I actually invented a breakfast dish that I called the Modumela Breakfast Special, consisting of pap on a layer of bacon with fried eggs on top!
If you feel the need to work off some calories, there is also a golf course a short drive away (32 kilometers)
Clive and Joy are definitely the most friendly, helpful and pleasant resort managers that we had ever encountered at a timeshare resort. It seemed as if their soul purpose for being there was to make our stay as pleasant and memorable as possible. The fact that they took the trouble to dine with us at the large table made it even more special. What a great idea. And it seems to work especially well at this particular resort giving this home away from home feeling.
Clive and June also have this special working relationship with the staff. It was June’s birthday the day we arrived and the kitchen staff baked her a surprise birthday cake and sang to her at the dinner table, a really nice gesture.
The resort is powered by generator which is switched off at 22h30 at night but gas provides hot water to the chalets.
The next morning we explored the reserve by Landy spotting a family of warthog, some wildebeest and a brown snake eagle. The resident fish eagle was also sitting at his favourite spot at the one end of the waterhole.
The resort also boasts 167 different types of birds and the early morning birdsong is something to be experienced.
That evening everyone again gathered on the deck to witness the beautiful sunset. Once again the boerekos was mouthwatering.
The lodge arranges a game/bush drive on the resort and also a nature walk led by a professional guide, Dumisani, who concentrates mainly on flora identification as well as bird, game and spoor identification.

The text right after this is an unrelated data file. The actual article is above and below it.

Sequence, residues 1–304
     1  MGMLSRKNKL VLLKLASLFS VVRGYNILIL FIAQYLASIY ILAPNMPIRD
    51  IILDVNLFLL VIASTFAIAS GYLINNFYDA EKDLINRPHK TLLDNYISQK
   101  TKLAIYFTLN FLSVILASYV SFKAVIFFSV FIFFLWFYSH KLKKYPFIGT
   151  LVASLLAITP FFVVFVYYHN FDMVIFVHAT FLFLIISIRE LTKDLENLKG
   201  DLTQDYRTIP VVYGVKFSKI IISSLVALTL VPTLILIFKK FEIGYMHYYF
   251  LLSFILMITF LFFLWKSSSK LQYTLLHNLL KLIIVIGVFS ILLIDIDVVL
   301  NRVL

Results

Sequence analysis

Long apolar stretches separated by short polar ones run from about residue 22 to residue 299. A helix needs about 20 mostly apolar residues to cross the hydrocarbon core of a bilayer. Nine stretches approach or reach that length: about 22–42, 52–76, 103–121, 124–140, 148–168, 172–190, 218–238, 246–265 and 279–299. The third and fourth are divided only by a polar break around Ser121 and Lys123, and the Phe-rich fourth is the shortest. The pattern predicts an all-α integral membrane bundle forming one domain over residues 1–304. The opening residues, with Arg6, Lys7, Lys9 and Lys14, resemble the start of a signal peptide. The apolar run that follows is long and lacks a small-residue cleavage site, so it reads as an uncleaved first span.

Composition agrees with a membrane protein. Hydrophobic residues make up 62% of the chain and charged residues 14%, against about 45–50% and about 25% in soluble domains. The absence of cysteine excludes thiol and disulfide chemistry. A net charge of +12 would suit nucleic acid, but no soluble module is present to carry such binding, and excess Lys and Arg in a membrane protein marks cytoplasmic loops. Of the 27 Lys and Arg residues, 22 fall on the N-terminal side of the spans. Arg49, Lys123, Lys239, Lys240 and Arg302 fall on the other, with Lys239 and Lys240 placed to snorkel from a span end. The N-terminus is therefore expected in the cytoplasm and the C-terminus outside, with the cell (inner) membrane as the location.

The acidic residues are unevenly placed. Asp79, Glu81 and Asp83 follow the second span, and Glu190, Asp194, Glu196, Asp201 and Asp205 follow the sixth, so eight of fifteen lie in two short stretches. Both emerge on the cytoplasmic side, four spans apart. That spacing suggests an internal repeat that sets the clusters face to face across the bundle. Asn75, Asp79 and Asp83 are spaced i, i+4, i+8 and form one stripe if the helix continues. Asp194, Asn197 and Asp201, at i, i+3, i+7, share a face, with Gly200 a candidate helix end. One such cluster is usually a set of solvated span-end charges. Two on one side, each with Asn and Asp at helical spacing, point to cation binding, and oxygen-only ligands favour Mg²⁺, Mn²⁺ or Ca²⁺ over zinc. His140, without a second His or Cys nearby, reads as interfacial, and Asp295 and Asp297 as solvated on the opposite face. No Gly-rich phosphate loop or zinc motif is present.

The early morning bush walk with Dumisani was a highlight, he is a walking dictionary with a vast knowledge of the local flora and the uses of the various trees as well as an expert on animal tracks. All very interesting and informative.
During summer months the swimming pool would be the ideal place to relax and cool down.
Several self-drive day trips can be done to a local village to see traditional dancers and drummers as well as local craftsmen.
We took a drive out to the Domboshaba ruins dating back to the 1400’s and on the way back stopped at a gigantic African Rock fig tree with a circumference of 45 meters. Apparently it is a popular place for wedding celebrations.
Clive mentioned that one could also fish at one of the dams at the resort.
If you feel more adventurous a drive of about 200 kilometers takes you the well-known Makgadigadi pans.
We all wished that we could have stayed a while longer but all good things come to an end and we had to get back to the hustle and bustle of Johannesburg.
Clive and his team are busy re-fencing the reserve and once that is done the plan are to add some more game. More chalets are also in the pipeline making this a really unique bush experience.